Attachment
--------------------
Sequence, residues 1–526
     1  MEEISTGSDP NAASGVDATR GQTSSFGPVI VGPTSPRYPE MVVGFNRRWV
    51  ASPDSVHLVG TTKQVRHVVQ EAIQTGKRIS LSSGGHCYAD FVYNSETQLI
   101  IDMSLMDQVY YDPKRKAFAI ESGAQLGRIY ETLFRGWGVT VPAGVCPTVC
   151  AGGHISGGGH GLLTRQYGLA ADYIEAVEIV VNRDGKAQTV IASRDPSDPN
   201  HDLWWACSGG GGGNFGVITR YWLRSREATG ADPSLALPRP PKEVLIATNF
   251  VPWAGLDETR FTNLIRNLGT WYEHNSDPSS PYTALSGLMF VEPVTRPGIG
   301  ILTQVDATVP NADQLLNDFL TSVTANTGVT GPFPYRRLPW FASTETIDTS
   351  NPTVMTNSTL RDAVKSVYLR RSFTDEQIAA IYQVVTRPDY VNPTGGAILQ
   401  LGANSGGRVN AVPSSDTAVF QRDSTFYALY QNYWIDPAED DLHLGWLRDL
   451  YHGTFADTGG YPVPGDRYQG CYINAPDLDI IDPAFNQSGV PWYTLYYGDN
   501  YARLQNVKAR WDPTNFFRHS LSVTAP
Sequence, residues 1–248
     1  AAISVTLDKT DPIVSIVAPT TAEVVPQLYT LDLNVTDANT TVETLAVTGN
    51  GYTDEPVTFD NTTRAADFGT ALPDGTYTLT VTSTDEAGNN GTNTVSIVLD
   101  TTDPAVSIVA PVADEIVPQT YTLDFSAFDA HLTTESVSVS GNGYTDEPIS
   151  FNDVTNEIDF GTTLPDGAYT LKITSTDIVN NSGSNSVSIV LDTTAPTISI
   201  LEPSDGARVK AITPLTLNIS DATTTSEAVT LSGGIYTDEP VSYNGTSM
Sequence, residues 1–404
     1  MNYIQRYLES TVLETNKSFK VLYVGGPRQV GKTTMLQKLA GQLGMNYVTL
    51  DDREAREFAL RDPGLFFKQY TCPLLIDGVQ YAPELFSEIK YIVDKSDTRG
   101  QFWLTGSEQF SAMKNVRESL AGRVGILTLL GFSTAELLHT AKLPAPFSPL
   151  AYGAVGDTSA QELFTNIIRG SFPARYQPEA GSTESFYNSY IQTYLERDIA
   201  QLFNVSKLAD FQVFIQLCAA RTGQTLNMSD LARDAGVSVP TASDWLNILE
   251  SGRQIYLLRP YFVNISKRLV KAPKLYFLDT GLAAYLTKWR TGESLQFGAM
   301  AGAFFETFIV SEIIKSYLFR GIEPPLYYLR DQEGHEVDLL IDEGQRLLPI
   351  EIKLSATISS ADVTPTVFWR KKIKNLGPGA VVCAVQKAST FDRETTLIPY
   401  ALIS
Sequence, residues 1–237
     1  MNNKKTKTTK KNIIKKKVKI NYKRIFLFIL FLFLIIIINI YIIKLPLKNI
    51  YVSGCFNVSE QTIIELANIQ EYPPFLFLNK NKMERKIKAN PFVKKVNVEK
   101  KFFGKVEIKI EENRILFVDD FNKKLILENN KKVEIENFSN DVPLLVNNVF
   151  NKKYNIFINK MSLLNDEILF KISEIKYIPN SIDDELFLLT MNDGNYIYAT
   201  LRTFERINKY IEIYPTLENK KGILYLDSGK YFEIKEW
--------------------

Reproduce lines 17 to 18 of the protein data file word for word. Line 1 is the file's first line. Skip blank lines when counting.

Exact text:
   151  FNDVTNEIDF GTTLPDGAYT LKITSTDIVN NSGSNSVSIV LDTTAPTISI
   201  LEPSDGARVK AITPLTLNIS DATTTSEAVT LSGGIYTDEP VSYNGTSM